A lot. You have to pick people you believe in, who you know can do the job, then get out of their way. If youíre going to delegate, delegate. My pitching coaches were in charge of the pitchers and I left them alone. Out hitting coaches took care of the hitters and I never looked over anyoneís shoulder. My pitching coach with Cincinnati, Larry Shepard would lace into out pitches so badly, you could hear him down the hall. More than once, I was tempted to go down to prevent what sounded like murder. I never left my chair. Larry knew his pitchers, understood what it took to motivate them. I had to put my faith in that. And it worked. The pitchers respected him and he got the most out of their ability.
Another thing I never did was second guess. Never second guess your coaches. If your third-base coach sends in a runner and (the runner) is thrown out by 20 feet, donít say a word, especially in public. In 26 years, I never questioned my third base coachesí decisions. Once when a coach tried to apologize for sending a runner who was thrown out, I said, ďHey, Iím glad youíre out there and not me.Ē That should be your attitude. You also shouldnít think that just because youíre the manager, youíre superior to you r coaches. Each of them has an are of the game where they know much more than you ever will. You have to use that knowledge, go to them for advice.
Aside from knowing the game and your players, what other assets should a manager possess?
You have to be honest. Players are like dogs; they can smell you. If you try to put something over on them, theyíll know right away and youíre never going to be able to rebuild the trust you need, especially when you have to give them bad news. Thatís the hardest part of managing, letting a player know he canít do it anymore. The star player doesnít want to believe it. When a star starts to lose his ability, the first thing you must do is evaluate if he can still contribute in a different role. Maybe this person can still be effective playing in fewer games against certain types of pitchers. You have to look at what you can do to get the maximum out of whatever talent he has left. Then you have to find out if the player will accept a smaller role.
And if they canít?
Again, it depends on your knowledge of that person. Some players want to hear the bad news straight with no sugar coating. Others want you to break it to them gently. You have to know which approach is appropriate. I would set the scene by asking the player, ďHave I ever lied to you?Ē Once he said no, I would say ďThen Iím not going to start nowÖĒ and I would give him my honest evaluation. Of course this only works if youíve built that foundation of trust, which is why you can never lie to your players.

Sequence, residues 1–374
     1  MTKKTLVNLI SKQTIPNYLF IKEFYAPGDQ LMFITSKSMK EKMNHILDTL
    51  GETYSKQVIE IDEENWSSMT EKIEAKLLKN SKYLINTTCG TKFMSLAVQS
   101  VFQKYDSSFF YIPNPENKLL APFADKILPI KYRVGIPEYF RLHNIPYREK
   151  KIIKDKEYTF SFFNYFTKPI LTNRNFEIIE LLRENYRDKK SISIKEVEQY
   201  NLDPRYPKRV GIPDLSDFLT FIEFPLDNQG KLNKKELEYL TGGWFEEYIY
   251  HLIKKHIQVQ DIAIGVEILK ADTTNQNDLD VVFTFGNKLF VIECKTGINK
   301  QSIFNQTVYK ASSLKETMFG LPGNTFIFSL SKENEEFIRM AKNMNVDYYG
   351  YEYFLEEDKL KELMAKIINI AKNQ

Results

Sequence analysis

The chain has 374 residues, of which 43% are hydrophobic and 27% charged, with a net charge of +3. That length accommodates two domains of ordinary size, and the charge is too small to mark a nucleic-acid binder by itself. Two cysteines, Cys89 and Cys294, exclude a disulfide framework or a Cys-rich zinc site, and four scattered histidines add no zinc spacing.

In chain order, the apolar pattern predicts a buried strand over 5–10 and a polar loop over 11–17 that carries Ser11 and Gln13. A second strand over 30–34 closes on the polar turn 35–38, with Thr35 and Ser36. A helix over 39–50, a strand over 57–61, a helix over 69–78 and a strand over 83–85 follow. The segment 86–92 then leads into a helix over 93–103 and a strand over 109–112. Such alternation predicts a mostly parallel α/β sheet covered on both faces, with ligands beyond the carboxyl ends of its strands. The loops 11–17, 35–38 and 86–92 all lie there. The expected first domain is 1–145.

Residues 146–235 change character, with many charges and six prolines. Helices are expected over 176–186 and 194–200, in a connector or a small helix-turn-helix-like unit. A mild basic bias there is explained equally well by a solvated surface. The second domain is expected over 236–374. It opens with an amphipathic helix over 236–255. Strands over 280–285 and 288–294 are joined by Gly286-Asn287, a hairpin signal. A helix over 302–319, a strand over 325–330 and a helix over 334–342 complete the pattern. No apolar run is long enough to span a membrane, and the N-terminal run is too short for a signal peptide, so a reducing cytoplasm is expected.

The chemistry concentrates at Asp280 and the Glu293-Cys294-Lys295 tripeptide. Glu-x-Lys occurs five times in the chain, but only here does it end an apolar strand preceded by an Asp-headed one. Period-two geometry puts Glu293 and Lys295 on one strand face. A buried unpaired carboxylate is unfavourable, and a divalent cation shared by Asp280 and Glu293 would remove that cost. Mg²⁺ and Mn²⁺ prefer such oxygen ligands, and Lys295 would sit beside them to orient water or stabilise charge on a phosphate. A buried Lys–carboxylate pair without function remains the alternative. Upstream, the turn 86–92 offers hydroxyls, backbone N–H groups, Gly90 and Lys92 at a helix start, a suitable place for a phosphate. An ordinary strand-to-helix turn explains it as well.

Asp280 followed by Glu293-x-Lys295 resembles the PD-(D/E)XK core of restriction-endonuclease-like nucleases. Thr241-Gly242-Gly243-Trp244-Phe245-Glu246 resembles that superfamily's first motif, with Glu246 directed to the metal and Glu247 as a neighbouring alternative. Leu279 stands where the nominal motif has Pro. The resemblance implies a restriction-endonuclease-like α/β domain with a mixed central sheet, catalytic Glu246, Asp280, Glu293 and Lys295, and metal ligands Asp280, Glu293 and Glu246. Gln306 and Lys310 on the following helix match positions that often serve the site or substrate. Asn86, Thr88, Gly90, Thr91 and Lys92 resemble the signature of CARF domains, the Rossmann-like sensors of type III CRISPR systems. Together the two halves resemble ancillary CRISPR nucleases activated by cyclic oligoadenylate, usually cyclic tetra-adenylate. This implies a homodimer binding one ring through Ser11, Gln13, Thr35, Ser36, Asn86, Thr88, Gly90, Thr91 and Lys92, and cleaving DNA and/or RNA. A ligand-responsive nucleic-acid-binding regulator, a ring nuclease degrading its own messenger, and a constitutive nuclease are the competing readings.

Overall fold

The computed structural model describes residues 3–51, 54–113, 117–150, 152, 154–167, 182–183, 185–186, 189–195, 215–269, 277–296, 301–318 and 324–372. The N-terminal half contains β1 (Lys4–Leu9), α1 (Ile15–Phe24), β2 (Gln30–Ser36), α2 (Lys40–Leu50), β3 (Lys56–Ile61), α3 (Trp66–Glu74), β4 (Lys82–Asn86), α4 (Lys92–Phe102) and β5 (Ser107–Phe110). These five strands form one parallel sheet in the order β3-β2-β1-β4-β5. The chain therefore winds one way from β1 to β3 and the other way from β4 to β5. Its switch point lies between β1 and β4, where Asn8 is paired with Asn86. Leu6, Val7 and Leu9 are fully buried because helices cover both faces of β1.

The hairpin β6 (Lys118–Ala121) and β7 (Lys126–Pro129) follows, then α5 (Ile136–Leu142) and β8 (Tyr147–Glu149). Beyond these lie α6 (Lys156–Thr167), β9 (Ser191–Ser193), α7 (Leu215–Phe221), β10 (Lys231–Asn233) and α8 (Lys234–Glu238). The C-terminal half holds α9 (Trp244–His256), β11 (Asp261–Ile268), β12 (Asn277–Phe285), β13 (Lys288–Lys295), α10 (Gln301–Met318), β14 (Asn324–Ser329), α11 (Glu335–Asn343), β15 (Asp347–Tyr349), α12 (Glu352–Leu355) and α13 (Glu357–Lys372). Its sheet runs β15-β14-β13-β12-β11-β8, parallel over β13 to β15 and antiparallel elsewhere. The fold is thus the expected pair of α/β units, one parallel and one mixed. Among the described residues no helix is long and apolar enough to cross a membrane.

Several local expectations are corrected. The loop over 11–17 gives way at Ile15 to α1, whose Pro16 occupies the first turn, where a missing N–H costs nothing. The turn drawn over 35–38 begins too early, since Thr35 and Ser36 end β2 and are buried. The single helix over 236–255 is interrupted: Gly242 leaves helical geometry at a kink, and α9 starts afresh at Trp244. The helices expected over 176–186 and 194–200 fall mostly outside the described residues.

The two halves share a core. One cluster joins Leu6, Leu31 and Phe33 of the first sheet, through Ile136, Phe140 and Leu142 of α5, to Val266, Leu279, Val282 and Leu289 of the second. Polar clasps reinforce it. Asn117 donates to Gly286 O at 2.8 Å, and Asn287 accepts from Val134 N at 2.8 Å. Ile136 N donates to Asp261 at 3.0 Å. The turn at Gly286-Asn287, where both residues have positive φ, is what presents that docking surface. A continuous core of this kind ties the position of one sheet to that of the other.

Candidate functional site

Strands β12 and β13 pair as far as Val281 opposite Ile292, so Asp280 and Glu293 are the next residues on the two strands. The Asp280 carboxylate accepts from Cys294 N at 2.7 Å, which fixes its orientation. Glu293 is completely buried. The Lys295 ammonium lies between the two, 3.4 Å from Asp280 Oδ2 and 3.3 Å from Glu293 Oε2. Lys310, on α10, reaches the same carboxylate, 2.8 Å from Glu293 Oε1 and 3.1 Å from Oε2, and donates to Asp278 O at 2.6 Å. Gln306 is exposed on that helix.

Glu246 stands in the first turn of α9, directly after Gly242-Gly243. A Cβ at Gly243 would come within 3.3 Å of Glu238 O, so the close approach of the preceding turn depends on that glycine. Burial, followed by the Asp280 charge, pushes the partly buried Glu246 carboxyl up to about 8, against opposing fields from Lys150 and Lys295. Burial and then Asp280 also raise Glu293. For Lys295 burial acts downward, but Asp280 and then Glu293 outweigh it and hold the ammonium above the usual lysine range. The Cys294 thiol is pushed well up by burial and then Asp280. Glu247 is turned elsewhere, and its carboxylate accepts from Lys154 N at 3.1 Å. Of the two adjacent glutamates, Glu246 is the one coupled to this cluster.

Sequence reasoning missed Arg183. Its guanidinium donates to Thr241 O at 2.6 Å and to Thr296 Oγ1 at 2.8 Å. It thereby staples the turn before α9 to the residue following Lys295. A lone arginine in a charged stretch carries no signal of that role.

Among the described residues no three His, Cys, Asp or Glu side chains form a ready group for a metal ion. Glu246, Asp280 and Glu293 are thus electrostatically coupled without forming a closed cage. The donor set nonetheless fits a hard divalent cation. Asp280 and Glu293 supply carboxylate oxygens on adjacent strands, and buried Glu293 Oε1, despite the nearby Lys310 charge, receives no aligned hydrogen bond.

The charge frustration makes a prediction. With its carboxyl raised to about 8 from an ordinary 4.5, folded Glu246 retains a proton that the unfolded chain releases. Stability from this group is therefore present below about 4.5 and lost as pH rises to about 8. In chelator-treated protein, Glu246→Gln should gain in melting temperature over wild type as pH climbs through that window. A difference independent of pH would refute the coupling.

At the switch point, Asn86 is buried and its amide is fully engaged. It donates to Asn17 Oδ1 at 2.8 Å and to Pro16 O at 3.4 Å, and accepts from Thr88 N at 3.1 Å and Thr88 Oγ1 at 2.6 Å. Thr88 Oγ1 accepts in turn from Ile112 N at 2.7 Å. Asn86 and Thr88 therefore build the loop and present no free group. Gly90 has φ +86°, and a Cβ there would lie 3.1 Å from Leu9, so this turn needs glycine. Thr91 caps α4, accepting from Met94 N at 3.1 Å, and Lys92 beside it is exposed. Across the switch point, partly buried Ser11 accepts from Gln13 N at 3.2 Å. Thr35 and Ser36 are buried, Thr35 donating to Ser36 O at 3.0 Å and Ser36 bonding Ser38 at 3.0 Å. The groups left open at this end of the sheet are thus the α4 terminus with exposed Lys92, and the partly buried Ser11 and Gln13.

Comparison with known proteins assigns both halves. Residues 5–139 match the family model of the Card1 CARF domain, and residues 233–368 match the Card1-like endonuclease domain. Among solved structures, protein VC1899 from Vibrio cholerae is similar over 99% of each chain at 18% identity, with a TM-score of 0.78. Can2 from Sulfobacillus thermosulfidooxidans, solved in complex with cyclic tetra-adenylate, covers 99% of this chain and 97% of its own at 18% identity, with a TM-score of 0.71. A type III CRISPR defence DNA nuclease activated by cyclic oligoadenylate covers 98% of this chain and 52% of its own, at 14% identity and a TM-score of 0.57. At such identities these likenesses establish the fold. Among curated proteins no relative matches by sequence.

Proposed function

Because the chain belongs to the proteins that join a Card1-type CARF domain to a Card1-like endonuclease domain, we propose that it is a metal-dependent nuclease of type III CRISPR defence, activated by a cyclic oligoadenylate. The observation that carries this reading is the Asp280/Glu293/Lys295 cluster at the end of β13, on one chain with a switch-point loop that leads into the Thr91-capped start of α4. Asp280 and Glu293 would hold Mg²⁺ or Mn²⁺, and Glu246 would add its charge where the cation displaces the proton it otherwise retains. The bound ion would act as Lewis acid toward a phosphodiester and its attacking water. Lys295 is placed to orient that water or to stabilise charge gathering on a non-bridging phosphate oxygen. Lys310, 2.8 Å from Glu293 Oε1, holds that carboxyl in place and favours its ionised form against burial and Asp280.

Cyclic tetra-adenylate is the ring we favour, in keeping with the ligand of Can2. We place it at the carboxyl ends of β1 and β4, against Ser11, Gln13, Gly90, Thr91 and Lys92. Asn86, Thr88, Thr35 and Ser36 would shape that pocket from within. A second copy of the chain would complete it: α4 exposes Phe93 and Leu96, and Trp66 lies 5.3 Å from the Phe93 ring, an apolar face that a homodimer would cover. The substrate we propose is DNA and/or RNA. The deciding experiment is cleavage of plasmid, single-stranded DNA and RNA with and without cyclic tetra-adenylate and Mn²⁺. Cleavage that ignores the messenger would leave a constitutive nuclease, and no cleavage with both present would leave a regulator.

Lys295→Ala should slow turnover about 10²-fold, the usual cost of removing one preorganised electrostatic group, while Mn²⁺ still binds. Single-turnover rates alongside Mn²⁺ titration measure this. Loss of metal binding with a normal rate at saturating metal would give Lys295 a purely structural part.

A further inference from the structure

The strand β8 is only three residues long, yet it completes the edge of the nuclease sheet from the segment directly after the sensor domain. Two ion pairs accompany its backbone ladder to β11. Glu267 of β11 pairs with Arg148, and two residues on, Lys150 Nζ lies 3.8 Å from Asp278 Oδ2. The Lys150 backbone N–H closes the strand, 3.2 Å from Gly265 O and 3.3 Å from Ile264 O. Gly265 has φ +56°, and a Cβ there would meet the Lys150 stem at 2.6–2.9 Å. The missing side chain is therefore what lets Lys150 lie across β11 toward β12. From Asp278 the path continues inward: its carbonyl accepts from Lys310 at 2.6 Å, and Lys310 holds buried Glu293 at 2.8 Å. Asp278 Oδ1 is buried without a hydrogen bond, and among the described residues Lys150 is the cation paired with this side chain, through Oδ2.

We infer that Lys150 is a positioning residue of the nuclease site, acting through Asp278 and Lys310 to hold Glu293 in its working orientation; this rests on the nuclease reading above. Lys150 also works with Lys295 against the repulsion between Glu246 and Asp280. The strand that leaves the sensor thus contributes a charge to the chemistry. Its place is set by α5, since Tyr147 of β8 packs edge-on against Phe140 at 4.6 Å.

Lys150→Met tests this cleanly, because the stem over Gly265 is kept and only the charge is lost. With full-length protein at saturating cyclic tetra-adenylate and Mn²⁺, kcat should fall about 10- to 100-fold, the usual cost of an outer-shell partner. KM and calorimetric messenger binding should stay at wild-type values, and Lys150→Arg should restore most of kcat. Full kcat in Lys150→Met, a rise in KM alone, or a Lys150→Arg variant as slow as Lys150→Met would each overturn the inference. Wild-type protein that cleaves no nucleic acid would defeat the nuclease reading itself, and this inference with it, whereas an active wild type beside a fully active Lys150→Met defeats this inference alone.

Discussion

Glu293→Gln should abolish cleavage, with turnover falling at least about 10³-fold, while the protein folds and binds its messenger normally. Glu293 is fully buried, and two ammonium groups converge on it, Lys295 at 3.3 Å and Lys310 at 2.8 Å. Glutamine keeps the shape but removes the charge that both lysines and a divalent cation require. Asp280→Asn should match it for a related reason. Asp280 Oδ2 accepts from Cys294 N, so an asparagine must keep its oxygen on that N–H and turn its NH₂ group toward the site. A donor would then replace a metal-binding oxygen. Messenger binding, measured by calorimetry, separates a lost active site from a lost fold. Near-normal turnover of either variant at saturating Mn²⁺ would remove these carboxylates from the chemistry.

The other thing you want in a manager is someone who doesnít care about criticism. You know what made Billy Martin one of the all-time great managers? There were some managers who, when you went into town and their teams were losing and they were getting a lot criticism in the press, you know they might be managing a little more cautiously and you could take advantage of that. Billy was absolutely fearless. He would make moves that he knew would bring down a lot of heat from the press and the fans if they backfired, but he didnít care what they said. If he thought a play would win him a ballgame, he put it on no matter how crazy it looked to everyone else. I see the same thing in Phil Garner. And thatís how you should manage. No one ever wins anything by playing it safe.
You had your one moment of controversy after beating Billyís Yankees in the 1976 World Series, the Thurman Munson incidentÖ
Well, you know, Dick, that was all blown out of proportion, a total misunderstanding. Letís get this straight. I never meant to insult Thurman Munson when I said you canít compare any player to Johnny Bench. Because I meant just that. Any player, not just Thurman. My goodness, who wouldnít like Thurman Munson as a player? He was a tremendous hitter, a team leader who got his uniform dirty in every game and he only cared about one thing. Winning. That Ďs the kind of player I want on my team. Thurman could play for me. But if he was on my team and Johnny Bench was the catcher, weíd have to find Thurman another position , because there wasnít any catcher who could do all the things Bench could do in his prime. Not any catcher ever. Period.